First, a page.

Friday, November 29, 2013


A few years ago, I had sent my materials to a college in the hopes of winning a teaching job in their jazz program. The school was quite a distance from New York, so the search committee decided that it would be best to administer a preliminary interview by telephone. This is becoming more common and understandable. Indeed, a SKYPE interview would save a lot of time and money. ( I also had a phone interview for the position I have now.) This was my first phone interview, and it was actually quite unsettling, mostly because every time I answered a question, I couldn't get any sort of visual feedback. I got this strange impression that the committee members were sort of dark and unfriendly; however, I was able to convince myself that it was only the technological medium which gave me that impression. " Oh, it's only because I cannot see their faces. I'm sure they are nice people." (When I did make the trip and actually met the panel, I realized my first impression was correct.)

Many of the questions were strange to me("If a student comes to you with a complaint regarding another faculty member, what do you do?"), but one in particular stood out to me. " Yes, Mr.
Colligan. We received your CD, "Blood Pressure," along with your resume. I haven't listened to it yet, but I'm just wondering.....this CD is all original compositions. Do you know any jazz standards? Do you teach jazz standards?"

I'm betting if any of my students read this, they might be quietly chuckling. I almost didn't know how to answer; first of all, if they had bothered to look at my resume, they might have seen all of the vocalists I worked with, and all of the older jazz legends I was fortunate to work with, and maybe they would have deduced that perhaps I know at least a few standards. Indeed, I don't know anywhere near as many as Harold Mabern, who apparently knows around 5000 tunes( he's forgotten more tunes than many of us have ever learned.) Nevertheless, I
Harold Mabern: has forgotten more tunes than you have ever learned!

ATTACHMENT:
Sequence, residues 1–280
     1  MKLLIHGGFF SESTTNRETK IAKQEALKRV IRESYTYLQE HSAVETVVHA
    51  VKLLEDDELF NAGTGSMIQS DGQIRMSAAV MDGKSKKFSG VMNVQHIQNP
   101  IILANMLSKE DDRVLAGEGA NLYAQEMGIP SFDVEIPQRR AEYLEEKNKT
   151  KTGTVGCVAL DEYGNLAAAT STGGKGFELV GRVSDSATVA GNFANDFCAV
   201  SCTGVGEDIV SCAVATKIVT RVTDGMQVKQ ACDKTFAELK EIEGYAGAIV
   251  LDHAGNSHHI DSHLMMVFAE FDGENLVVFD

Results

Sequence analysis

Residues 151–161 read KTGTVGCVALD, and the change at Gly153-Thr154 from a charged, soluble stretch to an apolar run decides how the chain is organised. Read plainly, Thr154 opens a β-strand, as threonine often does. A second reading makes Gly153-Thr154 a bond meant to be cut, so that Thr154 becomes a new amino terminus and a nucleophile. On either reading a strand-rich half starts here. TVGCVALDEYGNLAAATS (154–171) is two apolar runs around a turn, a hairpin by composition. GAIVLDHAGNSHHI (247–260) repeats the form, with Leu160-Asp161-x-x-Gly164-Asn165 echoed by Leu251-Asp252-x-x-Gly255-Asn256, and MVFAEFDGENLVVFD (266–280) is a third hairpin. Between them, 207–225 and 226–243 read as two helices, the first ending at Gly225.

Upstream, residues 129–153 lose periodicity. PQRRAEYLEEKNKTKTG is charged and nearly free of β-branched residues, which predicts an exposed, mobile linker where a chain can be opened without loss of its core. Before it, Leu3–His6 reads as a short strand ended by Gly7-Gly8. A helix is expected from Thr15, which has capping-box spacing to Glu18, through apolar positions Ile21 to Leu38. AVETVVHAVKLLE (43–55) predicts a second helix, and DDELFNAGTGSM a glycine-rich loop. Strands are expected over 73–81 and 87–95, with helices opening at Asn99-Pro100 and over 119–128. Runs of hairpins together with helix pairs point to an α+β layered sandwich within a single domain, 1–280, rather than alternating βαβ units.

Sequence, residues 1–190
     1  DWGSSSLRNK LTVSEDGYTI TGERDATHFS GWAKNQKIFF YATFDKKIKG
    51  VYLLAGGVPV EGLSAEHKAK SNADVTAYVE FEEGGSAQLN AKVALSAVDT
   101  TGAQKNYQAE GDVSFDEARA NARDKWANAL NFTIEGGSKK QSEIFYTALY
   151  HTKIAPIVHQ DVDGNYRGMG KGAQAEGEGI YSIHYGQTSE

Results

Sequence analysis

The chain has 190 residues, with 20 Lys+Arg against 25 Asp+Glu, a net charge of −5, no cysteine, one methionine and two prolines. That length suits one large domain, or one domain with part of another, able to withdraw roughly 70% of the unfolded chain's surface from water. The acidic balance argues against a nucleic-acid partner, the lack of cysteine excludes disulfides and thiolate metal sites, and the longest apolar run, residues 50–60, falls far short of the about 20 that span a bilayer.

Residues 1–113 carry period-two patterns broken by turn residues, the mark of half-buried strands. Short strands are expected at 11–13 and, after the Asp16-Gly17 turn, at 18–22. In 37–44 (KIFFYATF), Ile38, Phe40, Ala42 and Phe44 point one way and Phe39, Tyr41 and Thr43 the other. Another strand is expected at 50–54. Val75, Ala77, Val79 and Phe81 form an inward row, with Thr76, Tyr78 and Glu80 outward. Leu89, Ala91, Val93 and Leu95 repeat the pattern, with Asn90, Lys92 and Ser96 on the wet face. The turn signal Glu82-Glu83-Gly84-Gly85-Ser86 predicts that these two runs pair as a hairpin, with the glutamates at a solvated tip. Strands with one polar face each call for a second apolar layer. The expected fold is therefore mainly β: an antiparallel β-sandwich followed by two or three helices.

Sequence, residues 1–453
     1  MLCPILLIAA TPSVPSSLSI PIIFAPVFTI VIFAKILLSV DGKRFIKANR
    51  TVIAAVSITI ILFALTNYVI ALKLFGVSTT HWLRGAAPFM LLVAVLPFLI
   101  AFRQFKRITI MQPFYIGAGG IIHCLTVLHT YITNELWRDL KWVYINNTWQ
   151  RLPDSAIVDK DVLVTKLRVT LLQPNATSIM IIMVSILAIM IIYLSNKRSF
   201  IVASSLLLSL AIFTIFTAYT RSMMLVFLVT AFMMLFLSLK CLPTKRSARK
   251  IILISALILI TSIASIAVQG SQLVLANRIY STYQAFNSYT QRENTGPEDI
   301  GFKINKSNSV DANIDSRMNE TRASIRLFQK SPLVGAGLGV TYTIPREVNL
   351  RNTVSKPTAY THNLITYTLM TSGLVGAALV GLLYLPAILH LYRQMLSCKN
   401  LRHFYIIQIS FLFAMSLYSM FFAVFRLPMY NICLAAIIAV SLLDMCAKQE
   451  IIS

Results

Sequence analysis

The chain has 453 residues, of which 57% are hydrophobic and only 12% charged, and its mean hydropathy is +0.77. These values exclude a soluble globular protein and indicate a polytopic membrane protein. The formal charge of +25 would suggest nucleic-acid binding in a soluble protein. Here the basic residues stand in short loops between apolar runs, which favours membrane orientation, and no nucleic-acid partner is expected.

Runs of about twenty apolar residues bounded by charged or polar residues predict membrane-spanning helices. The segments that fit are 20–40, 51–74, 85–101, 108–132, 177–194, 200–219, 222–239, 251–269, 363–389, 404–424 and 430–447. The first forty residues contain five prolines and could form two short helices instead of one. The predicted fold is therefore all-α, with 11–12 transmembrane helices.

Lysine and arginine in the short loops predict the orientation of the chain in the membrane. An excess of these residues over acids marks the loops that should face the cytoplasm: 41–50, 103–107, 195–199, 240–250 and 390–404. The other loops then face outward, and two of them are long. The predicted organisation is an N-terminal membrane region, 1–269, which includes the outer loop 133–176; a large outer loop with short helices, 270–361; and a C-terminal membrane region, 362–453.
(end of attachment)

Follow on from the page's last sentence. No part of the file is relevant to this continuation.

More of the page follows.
spent many hours and years learning standards and playing standards on gigs and playing standards in all keys. I'm really trying to insist that my Portland State University students learn jazz standards. Our jazz camp, "The Shed," is based around a list of 20 tunes that we all work on during the week. Furthermore, I LIKE the standards, and I like playing them, and I think learning and knowing certain standards is an unavoidable part of becoming a jazz musician.

However, I also love to compose music. My original reason for trying to improve as a pianist was because I wanted to be a composer. I think developing as a composer is what turns musicians into artists. Improvisation and composition are so similar, and one can inform the other. I love to write new tunes or pieces or songs because it's really my own world and I have total power over everything in that world. I love to bring new songs to a band and see what they do with the material; maybe they'll play it like I hear it, or maybe they will bring a whole new perspective.

I don't think an artist has to be always breaking new ground to be relevant, but I do think there has to be some lean towards newness to be relevant. Be it new music, or a new take on a standard, or an arrangement, or a group of musicians who have never played together, or something, I think this is the beauty of jazz and the beauty of art; there are infinite combinations of notes, chords, rhythms, and musicians that can make us pay attention.

I guess the contradiction lies in this insistence on standard repertoire but also an insistence on